Posted in Blogging, Career and Academic Counselling, Professional Development, School

Cultural Contexts

I’ve put many writing pieces into draft mode, but have been reluctant to share writing this past year.  But my goal for this semester is to get back to posting every couple of weeks – creative writing material as well as pedagogical work.  This year I’ve decided to embark on a journey of studying Career and Academic Advising at the UofCalgary in the hopes of moving into this for a future career – it is a path that I’m more excited about every week as a study.  Presently, the course I’m taking online has us post “discussions” – so when I write something that resonates for the blog, I will share it here.  This week’s assignment had us respond to our readings and we needed to address the topic of Cultural Contexts & Culturally Responsive Counselling where we were to discuss “white colonial” attitudes and cultural messages that we have witnessed or experienced in our practices, any discussions or initiatives happening in our workplace, and our need to respect First Nations values and traditions in our counselling.

“Anotherness”: Making Obstacles into Opportunities in the High School Classroom

I have spent over 20 years immersed in the world of education, in multicultural landscapes of diversity.  When I began my career in a Kitchener, Ontario school – the school was challenged with being an inner city “gang” school with a poor reputation.  But passionate educators decided to work to change that perception; what was the school’s obstacle – multiculturalism (64 first languages) – became the opportunity in a millennial project to develop an International Studies Program “Windows on the World” (CHCI CIS Program – https://chc.wrdsb.ca/about/cis/).  This program’s goal was to develop “an informed, compassionate, lifelong & CultureSmart learner who strives for excellence in an ever-changing world.”  Changing paradigms and perceptions for kids from all cultures was paramount. So rather than subjugating students with “otherness” – the school came to celebrate “anotherness”.  (Barnhill – https://www.uwosh.edu/facstaff/barnhill/ES-243/pp%20outline%20Other%20-%20Another.pdf)  This is a successful model of embracing demographics and differences rather than trying to educationally assimilate.  Essentially, to nurture the child, the school was “culturally responsive” and sought to redevelop their processes in much the same way as the CACCM model (Swanson 74).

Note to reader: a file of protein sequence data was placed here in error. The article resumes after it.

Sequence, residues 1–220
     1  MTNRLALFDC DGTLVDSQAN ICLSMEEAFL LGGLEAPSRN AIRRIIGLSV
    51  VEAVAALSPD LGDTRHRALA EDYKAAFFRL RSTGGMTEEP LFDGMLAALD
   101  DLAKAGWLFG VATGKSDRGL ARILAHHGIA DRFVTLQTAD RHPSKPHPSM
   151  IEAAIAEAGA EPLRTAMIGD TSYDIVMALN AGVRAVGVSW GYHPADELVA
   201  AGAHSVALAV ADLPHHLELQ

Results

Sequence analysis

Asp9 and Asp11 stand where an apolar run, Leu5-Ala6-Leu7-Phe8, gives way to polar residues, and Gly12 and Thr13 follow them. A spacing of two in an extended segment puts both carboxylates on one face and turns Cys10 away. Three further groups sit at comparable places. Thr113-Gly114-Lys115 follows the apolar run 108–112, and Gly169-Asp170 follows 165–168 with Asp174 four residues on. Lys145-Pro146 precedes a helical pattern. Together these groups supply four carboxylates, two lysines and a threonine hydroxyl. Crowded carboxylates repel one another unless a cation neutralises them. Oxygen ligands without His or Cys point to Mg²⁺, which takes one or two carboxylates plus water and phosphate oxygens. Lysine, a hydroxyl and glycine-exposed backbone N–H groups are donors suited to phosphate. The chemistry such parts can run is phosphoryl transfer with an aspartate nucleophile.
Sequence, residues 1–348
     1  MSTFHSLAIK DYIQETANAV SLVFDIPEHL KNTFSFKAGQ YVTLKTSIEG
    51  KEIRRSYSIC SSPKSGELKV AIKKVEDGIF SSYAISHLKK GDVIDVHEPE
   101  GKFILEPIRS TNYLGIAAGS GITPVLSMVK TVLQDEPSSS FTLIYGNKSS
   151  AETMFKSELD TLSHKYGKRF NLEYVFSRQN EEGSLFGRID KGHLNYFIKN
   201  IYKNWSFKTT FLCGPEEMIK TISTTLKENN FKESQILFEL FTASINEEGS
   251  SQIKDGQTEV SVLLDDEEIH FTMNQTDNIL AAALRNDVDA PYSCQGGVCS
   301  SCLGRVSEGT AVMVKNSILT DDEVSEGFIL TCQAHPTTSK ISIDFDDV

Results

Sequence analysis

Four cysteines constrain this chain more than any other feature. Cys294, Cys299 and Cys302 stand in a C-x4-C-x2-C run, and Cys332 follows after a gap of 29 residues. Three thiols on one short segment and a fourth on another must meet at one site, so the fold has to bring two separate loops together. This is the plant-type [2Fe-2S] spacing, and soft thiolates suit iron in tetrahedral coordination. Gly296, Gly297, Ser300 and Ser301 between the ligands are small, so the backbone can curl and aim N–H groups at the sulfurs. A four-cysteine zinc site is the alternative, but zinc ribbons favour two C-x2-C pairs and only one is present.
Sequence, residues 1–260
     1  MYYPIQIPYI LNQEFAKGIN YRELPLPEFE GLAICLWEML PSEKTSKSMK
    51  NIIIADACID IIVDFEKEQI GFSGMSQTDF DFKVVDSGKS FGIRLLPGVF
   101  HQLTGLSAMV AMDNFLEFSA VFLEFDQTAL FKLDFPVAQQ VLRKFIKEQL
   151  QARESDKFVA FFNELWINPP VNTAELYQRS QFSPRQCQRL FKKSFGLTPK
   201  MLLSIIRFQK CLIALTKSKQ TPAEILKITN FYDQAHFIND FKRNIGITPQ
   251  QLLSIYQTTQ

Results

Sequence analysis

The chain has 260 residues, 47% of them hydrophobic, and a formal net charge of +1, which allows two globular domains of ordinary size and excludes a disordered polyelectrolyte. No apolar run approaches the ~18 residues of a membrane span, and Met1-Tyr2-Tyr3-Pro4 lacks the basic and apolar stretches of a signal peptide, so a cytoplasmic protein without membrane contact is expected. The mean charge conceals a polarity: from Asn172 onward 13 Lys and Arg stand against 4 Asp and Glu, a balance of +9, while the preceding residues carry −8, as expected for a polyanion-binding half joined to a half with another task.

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Yet, I witnessed and participated in this educational program re-development from the position of “white privilege” and have felt a keen responsibility to develop sensitivity and awareness around the position of that vantage point: to always be aware of my ignorances.  To always seek to understand.  And I confess, I have often felt “white guilt”.

One further experience I have is being married to an immigrant from Argentina.  I have experienced with him the harm of prejudice, ignorance, and “white supremacist” attitudes. Furthermore, I too have felt “otherness” having lived in Argentina with my husband in his home town, and I really felt the sting of language and cultural barriers.  This experience helped to create a sensitivity and awareness in working with students and families in an understanding, empathetic way.